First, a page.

Thus, two of the greatest of human motivating forces, sex and survival, acting individually, and also these two forces linked, work with current economic conditions to make young persons want to be extra thin and “buff.” How could they resist?

The patriotic reader may rush to rebuttal: “You’re projecting your own feelings onto today’s young people,” they might say. “Those kids aren’t scared. They’re ambitious! The economy is great, and they’re preparing themselves to prosper.” To this I respond, “True, no doubt, of the naturally optimistic, and of those young persons who come from successful families. The children of the affluent have seen economic success modeled for them by their parents all their lives, and also have the business contacts to draw upon to make future success likely for themselves. But what about all the children of working people?”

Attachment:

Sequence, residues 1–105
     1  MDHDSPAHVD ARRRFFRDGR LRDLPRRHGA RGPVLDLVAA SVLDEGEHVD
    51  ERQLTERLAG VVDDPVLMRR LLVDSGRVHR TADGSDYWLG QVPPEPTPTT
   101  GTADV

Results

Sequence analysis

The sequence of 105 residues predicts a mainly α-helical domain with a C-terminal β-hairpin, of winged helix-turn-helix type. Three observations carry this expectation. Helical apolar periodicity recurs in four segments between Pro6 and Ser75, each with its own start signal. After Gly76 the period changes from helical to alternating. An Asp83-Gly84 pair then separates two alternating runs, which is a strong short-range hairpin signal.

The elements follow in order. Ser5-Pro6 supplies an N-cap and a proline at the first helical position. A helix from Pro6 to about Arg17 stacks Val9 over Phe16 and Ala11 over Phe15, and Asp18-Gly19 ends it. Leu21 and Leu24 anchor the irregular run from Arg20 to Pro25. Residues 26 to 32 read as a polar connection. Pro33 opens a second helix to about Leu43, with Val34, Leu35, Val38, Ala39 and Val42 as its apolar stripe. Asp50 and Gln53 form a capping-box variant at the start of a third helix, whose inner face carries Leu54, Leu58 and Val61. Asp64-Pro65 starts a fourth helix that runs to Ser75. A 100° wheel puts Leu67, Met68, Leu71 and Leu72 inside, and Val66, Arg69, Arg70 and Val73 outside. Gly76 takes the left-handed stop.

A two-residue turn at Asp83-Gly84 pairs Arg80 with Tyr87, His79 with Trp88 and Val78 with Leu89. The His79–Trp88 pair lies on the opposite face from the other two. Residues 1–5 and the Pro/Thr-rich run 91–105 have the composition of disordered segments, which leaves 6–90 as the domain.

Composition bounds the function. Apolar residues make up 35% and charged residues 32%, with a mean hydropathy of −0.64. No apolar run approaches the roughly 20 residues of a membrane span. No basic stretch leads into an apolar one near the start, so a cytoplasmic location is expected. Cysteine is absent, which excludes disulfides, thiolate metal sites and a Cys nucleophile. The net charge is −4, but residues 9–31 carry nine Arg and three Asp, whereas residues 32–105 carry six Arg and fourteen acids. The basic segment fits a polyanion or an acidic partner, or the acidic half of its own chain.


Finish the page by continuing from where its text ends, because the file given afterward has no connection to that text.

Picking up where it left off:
Most families in our country are still headed by such “working people”—people who historically have just wanted to enter the economy to the extent necessary to make a decent living. People who have had this ethic of “a good day’s work for a good day’s pay” have taken state jobs, university jobs, and jobs in huge companies that used to be loyal to their employees. They have wanted simply to go to work for a reasonable amount of time, be good and reliable workers during that time, and then go home and forget about it! In recent years they have perhaps best been symbolized by the little clusters of ladies who can be seen standing smoking outside office buildings on their brief 15-minute breaks. Their husbands are hard-working, reliable, middle managers, truck drivers, refinery workers, engineers, etc.

They were happy to trade their freedom for a safe paycheck. But today, in the USA, there is no safe paycheck except at the top of the economic ladder. Middle class and lower class people have much to fear in today’s economy, and so do their children.


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One response

10 09 2009
sandrar

Hi! I was surfing and found your blog post… nice! I love your blog. 🙂 Cheers! Sandra. R.